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Making a Killing - Psycho Shower Scene


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Making a Killing Psycho's Shower Scene


One of cinema's most infamous sequences began shooting on 18 December 1959 and continued until 23 December. The shooting was delayed twice, once when Janet Leigh was suffering from a head cold and once because it coincided with her period.

            For a shot right at the water stream, the crew had to block off the inner holes on the shower head so that the water sprayed past the camera lens.

Rumour has it that Hitchcock arranged for the water to suddenly go ice-cold when the attack started. However, this is probably apocryphal, as it has been disputed by most of the parties present at the time.

            Having tested the sound generated by stabbing a number of several fruits, Hitch selected the sound of a stabbed casaba (a Turkish melon) for the sound effects to be used in the movie. The blood seen in the shower was in fact chocolate sauce.

            Hitchcock used shots of Leigh's head, face, hands and midriff, but all the other shots were Maril Renfro, a nude model Hitch had hired to spare Leigh the discomfort of performing naked. Leigh was fitted for contact lenses for the final corpse shot, but in the finished film the close-up of Marion's dead body is a freeze-frame. Alma Reville apparently saw the original version and told her husband that she could see Leigh blink, so he changed it. Note how, in the finished scene,  a droplet of water hangs from Janet Leigh's hair until the circling of the camera steadies out and begins to pull back, which is were the frame is unfrozen.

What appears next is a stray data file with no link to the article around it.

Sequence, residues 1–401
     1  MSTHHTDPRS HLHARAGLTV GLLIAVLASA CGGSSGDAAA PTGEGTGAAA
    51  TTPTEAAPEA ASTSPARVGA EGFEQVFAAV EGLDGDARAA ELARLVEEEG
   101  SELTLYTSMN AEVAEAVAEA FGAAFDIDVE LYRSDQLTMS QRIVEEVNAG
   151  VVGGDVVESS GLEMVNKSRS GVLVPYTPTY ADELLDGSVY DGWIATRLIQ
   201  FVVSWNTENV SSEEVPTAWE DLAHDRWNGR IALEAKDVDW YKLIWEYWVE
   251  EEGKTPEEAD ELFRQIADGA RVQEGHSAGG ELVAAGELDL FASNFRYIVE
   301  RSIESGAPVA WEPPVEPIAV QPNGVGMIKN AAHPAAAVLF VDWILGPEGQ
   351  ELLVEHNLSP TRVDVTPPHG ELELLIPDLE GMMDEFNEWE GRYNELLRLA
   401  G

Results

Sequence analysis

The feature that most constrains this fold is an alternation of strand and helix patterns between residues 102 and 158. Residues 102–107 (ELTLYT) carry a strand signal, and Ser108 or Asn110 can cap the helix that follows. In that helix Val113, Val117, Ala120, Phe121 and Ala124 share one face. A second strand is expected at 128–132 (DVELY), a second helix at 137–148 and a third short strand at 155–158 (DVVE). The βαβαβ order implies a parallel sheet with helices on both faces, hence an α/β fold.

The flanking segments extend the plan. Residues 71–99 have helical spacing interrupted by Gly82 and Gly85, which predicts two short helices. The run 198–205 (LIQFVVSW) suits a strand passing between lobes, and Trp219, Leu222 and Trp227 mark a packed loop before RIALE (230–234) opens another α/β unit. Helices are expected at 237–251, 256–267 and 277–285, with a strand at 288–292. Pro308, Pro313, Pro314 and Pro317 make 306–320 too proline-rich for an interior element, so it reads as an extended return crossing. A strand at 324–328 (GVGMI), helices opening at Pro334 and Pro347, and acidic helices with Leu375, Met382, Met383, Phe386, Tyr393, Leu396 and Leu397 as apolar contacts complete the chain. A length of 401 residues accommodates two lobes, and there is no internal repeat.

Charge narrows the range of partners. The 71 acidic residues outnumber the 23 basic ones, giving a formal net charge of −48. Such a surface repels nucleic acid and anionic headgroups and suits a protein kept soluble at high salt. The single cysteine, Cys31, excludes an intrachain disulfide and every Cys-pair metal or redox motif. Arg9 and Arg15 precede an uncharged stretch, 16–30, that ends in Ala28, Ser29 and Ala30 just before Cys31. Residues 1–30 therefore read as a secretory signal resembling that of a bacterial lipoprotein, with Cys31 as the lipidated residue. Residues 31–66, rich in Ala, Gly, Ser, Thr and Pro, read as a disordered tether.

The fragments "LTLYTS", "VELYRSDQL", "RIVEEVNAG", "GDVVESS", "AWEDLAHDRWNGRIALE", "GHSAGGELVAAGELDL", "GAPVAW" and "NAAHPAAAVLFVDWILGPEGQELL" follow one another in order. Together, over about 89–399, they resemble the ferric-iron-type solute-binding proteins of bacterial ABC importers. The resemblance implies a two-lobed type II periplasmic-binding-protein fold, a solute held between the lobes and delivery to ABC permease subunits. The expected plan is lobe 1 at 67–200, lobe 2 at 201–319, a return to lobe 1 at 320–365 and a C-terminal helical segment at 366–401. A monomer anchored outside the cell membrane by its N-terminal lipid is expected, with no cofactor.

In 1973, Saul Bass claimed that he not only storyboarded the shower scene, but was permitted to direct it. He'd already mocked up a short reel to prove that the scene could be done in montage, and he said that as it was such a time-consuming scene that Hitch stepped aside and let him call the shots. Hitch himself claimed that, although hed hired Bass to storyboard Arbogast's murder, he ended up not using his montage. He never publicly acknowledged Bass's involvement in the earlier murder. Janet Leigh and others reject Bass's claims. Saul Bass was there for the shooting, Leigh clarifies, but he never directed me.

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